"When you see faces, you can read the face, and you can see if they are frustrated or not," she said.
But, she noted, all of her online students are making the same progress as those she sees in person in the same level class.
To her, there's no doubt that the online program will take off.
"It's convenient, you don't have to leave the house, and you study Hebrew," she said. And for kids who live in small Jewish communities, like Friedland, she said, "that's his only way to get really good at Hebrew."
So far, Schatz said, he hasn't been promoting the class locally for fear of taking away from JCHS' existing classroom program. About 85 percent of the students who attend a campus that offers Hebrew programs are enrolled in one of 10 levels of the language, said program coordinator Galit Carmely.
On the other hand, Schatz said, he might expand the marketing strategy if the online option ends up drawing in new local students.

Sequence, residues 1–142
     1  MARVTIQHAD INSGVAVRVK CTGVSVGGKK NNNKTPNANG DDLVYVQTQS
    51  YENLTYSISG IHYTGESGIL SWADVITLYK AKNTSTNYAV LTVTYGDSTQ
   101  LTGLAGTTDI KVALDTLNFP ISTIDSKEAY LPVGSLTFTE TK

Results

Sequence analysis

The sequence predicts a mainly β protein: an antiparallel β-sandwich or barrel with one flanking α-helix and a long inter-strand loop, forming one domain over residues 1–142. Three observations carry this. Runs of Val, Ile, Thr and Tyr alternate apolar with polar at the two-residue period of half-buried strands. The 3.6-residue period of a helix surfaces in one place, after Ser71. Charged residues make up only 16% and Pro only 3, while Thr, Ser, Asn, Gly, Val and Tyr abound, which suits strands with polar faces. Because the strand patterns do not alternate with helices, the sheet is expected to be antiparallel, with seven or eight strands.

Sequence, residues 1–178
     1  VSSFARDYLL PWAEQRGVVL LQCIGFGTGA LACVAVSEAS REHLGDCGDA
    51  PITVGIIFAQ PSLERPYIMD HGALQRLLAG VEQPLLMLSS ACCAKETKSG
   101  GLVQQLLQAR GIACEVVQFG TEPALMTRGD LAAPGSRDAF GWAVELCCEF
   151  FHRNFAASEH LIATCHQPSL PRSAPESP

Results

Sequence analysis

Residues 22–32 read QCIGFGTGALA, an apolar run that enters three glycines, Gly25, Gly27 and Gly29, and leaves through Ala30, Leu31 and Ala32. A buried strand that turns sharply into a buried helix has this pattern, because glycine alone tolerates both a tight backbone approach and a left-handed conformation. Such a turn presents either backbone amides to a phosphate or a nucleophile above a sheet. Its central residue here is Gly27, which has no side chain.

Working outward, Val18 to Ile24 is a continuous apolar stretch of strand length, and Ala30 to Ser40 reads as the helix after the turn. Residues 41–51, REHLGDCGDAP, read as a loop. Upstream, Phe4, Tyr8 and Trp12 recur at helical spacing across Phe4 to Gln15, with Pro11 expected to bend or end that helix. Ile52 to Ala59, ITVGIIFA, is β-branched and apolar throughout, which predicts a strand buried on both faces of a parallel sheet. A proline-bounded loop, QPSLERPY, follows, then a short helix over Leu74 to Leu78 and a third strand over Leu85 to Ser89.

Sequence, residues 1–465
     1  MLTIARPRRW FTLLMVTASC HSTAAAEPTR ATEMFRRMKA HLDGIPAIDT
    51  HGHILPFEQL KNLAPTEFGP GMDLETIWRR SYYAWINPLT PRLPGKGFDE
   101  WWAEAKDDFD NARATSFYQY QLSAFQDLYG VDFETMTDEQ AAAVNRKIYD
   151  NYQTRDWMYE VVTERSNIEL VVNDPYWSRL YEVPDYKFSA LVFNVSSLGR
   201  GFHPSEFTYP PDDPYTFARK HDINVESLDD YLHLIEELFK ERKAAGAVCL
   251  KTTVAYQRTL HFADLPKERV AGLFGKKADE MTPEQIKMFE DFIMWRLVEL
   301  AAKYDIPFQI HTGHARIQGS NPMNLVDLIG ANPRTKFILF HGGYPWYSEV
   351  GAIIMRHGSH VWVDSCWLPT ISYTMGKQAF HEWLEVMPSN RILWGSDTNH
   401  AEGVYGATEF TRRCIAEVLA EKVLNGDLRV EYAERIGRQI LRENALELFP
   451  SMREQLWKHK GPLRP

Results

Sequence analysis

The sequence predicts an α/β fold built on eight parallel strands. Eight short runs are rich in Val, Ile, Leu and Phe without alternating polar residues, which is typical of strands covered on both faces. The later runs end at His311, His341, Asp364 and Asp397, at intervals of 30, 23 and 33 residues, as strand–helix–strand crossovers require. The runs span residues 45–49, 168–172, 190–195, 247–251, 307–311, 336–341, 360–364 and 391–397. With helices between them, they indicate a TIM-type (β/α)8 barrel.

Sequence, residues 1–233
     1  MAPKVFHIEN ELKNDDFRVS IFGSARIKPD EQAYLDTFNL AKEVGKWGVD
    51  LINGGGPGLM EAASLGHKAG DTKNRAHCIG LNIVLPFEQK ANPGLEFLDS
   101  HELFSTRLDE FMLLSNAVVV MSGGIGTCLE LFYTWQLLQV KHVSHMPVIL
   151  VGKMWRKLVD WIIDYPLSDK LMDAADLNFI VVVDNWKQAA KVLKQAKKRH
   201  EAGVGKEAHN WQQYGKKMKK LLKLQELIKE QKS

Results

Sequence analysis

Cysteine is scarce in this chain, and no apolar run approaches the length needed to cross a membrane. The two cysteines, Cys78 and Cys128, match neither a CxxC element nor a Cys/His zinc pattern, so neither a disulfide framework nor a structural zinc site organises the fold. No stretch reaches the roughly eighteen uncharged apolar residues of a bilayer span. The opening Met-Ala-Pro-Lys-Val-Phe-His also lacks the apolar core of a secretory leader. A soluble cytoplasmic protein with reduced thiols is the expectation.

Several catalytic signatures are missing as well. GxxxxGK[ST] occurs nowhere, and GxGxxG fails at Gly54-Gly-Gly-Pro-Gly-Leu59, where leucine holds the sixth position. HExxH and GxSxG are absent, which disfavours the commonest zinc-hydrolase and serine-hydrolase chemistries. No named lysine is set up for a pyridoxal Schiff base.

"There are only so many teenagers in Philadelphia that are going to come into our classes on the hours that we have them," he said. "They don't have so much extra time to get to the kinds of classes they want to take, and not everybody lives within 15 minutes of our existing campuses anymore."
That's exactly why Ben Savitch, a freshman at Radnor High School, chose to take the online Hebrew course instead of traveling a half-hour each way -- and potentially missing basketball practices -- to attend a Monday-night program at his synagogue.
"When I do it online, it's Sunday nights, and I don't have to drive anywhere, and I don't have as much homework because I can get it done earlier in the day," said Savitch, 14. "It's really well set up. The only loss about it is there's not really a social aspect."
The true litmus test will come this month, when Gratz does enrollment for the spring semester. The current online students will bump up to level two, Schatz said, and a new beginner section will be added if there's enough interest.
For more information, call 215-635-7300 or go to: www. gratzcollege.edu/jchsonline.